Direct Remittance to Factory accounts (Reg. 24 (11))- Remittance to Producers is currently within 14 days from the date of the Main Grade auction as stipulated in the existing EATTA Rules & Regulations, which also impose penalties on defaulters to discourage such practices. The proposal does not take into consideration weekends and public holidays. Some Producers opt to have their funds channeled through their respective broker who provides other services and advances which may require deduction from their proceeds of sale. This provision has not factored other service providers such as warehousemen.

Auction operations –Reg. 24 (15 & 16) -Many of the tea trade's unequivocal successes over the past 50 years derive from the effective self-governance, based on sound rules and regulations that have been proposed, discussed and adopted, some of which have later been appropriately amended to meet with the changing circumstances. The regulations are also ambiguous on further powers yielded by the Cabinet Secretary which gives the office holder discretion on the action that can be taken.

Approval of trading rules and regulations (Reg. 25)- The Regulation provides for submission of auction trading rules to the C.S for approval. This is an illegal provision since regulations 25(4) has already set out what should be contained in auction rules. The auction rules are made in accordance with the law and approval of members of the association and requirement for approval by Government renders such action illegal. This is also another case of over regulation by the Government.

Registration of tea importer- Reg. 32 provides for importation of tea into Kenya. Though regulation 32(11) provides that teas imported for blending or export shall be so exported within six (6) months of import, a distinction has to be made for auction teas brought in by other EATTA Member Countries. If the regulations are too rigid, other regional countries will set up their own auction centre and Kenya will lose largely the advantages that come with EATTA/Kenya having the regional auction centre.

Audited financial statements are private – Forms AFA/TD/E1 and Form AFA/TD/E2 require presentation of audited financial statements which are private and confidential business information. This provision should be deleted and replaced with “audit certificate”

Blending declaration– Reg. 38 (1) which requires that a person who blends any or various grades of tea produced in Kenya with any other tea produced outside Kenya to declare the percentage of Kenyan tea on the packaging and on the blend sheet needs to emphasize on the mark of origin as opposed to requirements on percentage.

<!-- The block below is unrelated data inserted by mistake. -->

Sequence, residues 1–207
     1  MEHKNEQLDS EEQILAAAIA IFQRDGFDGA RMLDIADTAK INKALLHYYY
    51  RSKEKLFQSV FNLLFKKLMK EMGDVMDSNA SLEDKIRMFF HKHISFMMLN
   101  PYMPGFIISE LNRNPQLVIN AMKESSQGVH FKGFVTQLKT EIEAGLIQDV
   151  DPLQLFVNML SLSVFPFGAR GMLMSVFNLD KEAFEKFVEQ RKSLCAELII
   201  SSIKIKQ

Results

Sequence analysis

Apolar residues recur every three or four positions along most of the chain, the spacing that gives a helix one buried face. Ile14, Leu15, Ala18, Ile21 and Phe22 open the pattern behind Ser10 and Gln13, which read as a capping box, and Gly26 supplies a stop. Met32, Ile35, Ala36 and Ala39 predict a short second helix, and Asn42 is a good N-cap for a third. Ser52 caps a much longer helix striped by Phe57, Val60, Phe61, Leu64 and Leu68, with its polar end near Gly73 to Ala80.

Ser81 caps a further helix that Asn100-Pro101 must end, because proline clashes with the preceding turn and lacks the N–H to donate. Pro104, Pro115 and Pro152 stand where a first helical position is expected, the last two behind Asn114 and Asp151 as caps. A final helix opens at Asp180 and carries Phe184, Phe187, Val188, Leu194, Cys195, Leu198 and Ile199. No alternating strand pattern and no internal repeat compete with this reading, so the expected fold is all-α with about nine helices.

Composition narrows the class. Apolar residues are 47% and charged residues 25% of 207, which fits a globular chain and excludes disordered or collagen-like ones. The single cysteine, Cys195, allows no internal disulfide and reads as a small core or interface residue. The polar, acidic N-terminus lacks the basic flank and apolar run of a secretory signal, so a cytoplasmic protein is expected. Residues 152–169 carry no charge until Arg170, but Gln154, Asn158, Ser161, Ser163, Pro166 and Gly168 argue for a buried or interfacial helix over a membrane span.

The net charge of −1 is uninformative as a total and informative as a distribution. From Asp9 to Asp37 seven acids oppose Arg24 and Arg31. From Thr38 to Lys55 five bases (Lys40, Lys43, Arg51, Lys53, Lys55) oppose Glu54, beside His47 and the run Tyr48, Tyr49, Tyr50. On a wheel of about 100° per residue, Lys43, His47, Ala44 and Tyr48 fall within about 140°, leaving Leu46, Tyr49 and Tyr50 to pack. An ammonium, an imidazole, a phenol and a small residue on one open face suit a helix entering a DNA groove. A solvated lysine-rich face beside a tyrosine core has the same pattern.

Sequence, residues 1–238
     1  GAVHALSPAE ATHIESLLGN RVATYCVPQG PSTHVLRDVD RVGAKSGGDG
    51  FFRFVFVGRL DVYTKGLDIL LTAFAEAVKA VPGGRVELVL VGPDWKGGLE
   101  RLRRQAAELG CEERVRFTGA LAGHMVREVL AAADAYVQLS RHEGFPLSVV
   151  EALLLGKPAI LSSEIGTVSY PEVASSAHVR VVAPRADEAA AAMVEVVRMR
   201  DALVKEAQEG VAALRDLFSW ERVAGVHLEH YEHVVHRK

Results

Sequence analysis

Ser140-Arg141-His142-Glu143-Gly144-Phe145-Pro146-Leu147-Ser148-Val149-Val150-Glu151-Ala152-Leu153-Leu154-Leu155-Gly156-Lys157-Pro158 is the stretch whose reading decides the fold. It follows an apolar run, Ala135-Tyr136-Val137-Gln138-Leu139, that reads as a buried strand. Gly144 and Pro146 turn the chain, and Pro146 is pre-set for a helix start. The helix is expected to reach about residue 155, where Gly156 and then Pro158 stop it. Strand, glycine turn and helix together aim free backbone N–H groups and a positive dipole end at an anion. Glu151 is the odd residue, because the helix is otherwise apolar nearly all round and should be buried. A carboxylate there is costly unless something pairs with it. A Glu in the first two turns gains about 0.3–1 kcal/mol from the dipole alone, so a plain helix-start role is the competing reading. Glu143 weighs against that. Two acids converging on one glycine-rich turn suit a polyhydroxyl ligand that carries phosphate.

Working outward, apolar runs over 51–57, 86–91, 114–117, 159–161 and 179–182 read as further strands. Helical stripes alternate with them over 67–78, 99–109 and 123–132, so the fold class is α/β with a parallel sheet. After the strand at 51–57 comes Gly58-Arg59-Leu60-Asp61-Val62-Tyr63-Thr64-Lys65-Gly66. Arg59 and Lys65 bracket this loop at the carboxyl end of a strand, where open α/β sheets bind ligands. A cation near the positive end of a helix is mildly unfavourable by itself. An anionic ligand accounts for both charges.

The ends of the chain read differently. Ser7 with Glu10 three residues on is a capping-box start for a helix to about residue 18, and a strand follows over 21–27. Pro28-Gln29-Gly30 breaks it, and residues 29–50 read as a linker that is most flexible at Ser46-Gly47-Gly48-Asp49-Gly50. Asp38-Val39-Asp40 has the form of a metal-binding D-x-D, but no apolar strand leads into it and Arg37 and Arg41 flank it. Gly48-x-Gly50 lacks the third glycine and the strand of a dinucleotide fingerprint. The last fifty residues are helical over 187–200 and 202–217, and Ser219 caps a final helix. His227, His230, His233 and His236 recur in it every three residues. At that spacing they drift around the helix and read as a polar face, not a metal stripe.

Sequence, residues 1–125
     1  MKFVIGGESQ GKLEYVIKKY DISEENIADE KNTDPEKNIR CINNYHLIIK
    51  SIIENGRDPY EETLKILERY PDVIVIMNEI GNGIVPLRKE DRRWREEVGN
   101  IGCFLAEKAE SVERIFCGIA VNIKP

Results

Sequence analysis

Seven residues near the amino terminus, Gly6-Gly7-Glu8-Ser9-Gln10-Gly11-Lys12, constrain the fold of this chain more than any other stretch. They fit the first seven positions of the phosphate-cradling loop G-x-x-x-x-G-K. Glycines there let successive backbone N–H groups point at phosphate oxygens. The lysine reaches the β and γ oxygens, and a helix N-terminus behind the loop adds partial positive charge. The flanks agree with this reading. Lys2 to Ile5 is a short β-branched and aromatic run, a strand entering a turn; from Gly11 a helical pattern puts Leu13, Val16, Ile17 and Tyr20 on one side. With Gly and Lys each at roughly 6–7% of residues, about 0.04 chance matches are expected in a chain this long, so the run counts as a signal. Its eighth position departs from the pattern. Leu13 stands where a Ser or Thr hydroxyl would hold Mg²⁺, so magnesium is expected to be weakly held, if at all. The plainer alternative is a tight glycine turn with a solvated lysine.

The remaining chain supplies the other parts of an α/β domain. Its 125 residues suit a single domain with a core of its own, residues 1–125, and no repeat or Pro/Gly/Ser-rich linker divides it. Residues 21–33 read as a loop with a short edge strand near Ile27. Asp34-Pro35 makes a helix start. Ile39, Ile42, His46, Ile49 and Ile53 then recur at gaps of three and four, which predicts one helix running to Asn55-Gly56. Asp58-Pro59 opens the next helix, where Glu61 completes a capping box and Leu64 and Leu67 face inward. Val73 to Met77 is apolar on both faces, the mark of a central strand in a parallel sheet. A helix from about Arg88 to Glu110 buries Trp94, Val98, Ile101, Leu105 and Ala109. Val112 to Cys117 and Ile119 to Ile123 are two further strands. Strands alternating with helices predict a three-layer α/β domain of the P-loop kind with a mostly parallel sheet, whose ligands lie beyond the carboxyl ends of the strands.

Draconian measure on private business - Form AFA/TD/E1 provides power to AFA to seize and remove or order the removal of any manufactured tea or processing capacity if installed contrary to conditions of the licence. It should be amended to propose AFA serves notice to the offending party to remedy the situation within a reasonable timeline. If production is more than the licensed capacity due to favorable weather, the factory should not be penalized.


Generally, the proposed Regulation don’t properly implement the objectives of the Crops Act as set out in section 3, that include development and growth in tea industry, enhancement of productivity and incomes of farmers and the rural population, improvement in investment climate and efficiency of agribusiness, reduction in unnecessary levies, taxes or other barriers to free movement of tea products with provision of a rationalized taxation system, reduction of unnecessary regulation or over-regulation of the tea industry and promotion of competitiveness of Kenyan tea. The Regulations concentrate only on registration, taxation and licensing matters for the tea subsector are also not rationalized. Also, scrutiny of the Regulations reveals that some sections of the Crops Act that pertains to tea were not operationalized in the Regulations. There is need for a thorough review of the Regulations.

With a view to streamlining the challenges facing the tea sector the Government is requested to create an enabling environment and address concerns  on the lack of a comprehensive National Tea policy, legal and regulatory framework; over-production of tea versus tea quality, zero rating VAT on tea in order to encourage local consumption and enhance exports and need to create an autonomous Tea Board and removal of Tea research from KARLO. There is also need to address issues on the unfavourable land tenure and rates and increased high cost of inputs, cost effective Standard Gauge Railway, low levels of value addition at less than 10% and market access constraints.

About the East Africa Tea Trade Association

The East Africa Tea Trade Association (EATTA) is a voluntary, non-profit umbrella body representing the interests of the tea industry in Africa. EATTA was registered in 1956 and has 220 members drawn from ten countries (Kenya, Uganda, Tanzania, Rwanda, Burundi, Ethiopia, DRC, Malawi, Madagascar and Mozambique) all actively engaged in growing, buying, broking and warehousing of tea. 67% of the volume of tea is traded through the Tea Auction Centre.  

Prepared and Compiled By:

Edward K Mudibo,
Managing Director,
East African Tea Trade Association
Tea Trade Centre – Nyerere Avenue,
P.O. Box 85174 – 80100, Mombasa
Mobile: 0722517232, 0733 208700/0722 208699,
Email: , Web:

5th May, 2020

Membership & Affiliation

Kenya Chamber of Commerce
Federation of Kenya Employers
International Tea Committee